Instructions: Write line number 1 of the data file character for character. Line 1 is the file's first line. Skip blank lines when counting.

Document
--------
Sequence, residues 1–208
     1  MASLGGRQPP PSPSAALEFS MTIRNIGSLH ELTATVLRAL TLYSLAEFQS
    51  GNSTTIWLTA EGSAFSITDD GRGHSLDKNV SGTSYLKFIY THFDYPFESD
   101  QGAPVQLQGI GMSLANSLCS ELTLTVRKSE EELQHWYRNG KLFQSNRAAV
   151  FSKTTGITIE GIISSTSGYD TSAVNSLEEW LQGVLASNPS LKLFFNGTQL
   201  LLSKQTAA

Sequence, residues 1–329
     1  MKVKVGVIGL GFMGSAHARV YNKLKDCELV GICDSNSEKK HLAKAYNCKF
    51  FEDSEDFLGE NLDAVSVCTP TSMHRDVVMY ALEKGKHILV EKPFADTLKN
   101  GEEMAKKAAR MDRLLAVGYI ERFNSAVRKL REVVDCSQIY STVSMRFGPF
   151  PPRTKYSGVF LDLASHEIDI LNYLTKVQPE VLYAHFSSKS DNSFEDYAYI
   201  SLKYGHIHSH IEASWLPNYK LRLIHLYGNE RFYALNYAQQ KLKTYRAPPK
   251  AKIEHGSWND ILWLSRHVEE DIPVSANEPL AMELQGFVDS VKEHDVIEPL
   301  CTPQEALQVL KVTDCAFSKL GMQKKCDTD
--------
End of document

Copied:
Sequence, residues 1–208